Mr Mandelson sees free trade as the way to strengthen the global economy
EU Trade Commissioner Peter Mandelson has told the BBC he is "not to be bullied" by French President Nicholas Sarkozy, in a row over free trade.
Mr Sarkozy has accused him of trying to sell out European farmers, while Mr Mandelson says his position at world trade talks has been undermined.
Mr Mandelson told the BBC he did not start the row but: "I stood up for myself, I'm not to be bullied."
He said he believed the row was over but renewed warnings on protectionism.
Mr Mandelson will lead the EU delegation at World Trade Organisation meetings this month - previous negotiations have stalled over disagreements about subsidies for farmers in the West.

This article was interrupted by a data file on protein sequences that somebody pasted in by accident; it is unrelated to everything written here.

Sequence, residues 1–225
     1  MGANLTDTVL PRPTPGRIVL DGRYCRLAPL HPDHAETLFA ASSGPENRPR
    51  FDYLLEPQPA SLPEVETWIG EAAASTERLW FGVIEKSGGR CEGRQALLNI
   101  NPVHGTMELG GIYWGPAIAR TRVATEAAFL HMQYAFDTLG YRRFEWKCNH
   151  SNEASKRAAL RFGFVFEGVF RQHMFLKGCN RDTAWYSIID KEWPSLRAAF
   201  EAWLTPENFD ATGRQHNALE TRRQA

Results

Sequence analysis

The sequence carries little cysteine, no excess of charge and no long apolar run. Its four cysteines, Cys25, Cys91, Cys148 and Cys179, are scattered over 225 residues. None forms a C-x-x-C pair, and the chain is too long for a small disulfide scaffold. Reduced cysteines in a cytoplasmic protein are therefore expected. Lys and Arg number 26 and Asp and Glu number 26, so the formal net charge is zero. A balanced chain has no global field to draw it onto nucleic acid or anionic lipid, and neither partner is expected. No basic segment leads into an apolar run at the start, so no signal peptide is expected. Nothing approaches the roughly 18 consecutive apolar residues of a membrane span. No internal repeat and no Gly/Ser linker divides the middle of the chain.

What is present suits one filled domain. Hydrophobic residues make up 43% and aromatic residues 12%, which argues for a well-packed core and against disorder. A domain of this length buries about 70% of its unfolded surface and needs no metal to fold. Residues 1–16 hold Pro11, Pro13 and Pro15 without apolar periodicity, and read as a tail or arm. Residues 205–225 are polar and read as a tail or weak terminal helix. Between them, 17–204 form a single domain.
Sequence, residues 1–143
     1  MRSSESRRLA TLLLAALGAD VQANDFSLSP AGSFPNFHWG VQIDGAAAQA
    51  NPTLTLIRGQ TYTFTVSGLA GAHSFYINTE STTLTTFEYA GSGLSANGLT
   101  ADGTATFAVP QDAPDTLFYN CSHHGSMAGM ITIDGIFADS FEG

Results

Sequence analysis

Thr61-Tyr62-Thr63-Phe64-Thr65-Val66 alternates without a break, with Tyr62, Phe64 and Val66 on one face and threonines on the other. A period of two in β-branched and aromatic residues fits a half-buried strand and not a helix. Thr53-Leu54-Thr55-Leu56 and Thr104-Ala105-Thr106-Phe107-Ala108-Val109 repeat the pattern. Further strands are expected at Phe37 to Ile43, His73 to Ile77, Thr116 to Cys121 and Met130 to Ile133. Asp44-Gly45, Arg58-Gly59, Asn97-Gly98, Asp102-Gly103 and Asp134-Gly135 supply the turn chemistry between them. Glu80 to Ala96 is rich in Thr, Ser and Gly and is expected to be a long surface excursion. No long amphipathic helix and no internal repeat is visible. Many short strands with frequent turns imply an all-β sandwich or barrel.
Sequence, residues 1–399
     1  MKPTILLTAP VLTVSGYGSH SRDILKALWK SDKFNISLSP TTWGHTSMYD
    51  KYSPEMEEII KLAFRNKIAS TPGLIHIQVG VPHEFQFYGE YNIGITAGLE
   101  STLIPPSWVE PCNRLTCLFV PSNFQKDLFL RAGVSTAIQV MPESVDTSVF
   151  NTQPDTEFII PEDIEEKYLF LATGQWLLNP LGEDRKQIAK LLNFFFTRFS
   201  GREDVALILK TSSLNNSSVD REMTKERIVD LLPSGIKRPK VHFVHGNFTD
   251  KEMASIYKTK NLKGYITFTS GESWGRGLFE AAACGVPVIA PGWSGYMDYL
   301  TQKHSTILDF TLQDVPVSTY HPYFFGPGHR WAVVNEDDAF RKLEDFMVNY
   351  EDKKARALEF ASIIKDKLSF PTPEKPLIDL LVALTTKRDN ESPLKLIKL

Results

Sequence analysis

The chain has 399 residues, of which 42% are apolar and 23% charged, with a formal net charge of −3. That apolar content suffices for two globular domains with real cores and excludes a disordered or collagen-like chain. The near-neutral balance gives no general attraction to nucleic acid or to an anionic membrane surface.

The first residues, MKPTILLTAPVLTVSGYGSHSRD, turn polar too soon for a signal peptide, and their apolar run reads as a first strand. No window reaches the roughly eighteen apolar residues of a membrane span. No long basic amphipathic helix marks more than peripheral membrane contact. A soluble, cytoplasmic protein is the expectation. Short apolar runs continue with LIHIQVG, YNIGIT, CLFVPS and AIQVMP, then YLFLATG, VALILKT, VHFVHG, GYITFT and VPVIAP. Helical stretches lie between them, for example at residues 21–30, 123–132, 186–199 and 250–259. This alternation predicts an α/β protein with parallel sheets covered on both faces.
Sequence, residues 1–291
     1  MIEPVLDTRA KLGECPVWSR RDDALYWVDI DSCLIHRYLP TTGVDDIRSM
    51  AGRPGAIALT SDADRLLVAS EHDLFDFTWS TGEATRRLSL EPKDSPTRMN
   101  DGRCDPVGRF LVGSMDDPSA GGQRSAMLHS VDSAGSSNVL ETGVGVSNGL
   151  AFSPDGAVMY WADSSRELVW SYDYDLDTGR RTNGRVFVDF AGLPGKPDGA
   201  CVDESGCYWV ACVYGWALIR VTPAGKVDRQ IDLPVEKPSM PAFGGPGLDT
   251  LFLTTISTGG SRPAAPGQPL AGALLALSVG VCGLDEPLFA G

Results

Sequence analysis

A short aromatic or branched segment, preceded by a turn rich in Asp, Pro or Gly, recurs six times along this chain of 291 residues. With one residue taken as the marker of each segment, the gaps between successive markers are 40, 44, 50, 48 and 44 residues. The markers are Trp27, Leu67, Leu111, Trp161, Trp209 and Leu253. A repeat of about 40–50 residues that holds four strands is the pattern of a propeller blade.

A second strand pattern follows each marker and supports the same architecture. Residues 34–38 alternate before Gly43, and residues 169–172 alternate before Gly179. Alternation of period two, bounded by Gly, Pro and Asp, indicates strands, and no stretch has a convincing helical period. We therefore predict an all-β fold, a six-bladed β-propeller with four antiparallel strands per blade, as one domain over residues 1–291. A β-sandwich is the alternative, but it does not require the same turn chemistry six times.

Mr Sarkozy, who currently holds the rotating EU presidency, has accused Mr Mandelson of trying to force a trade deal on the EU that would destroy European jobs.
He also appeared to blame his handling of the Doha round of trade talks for the "no" vote in the Irish referendum on the Lisbon treaty.
But asked about the row Mr Mandelson told BBC Radio 4's Today programme: "I think it is over, I think everyone recognises that this is not about individual personalities.
"I mean President Sarkozy, like all European heads of government, will recognise that we want the world to enter a new era of freer trade of fewer barriers between countries, that's what we need."
He said Mr Sarkozy was subject to "domestic political pressures" to protect French agriculture and business, but was right to say others had to "step up to the table" to make the trade talks successful.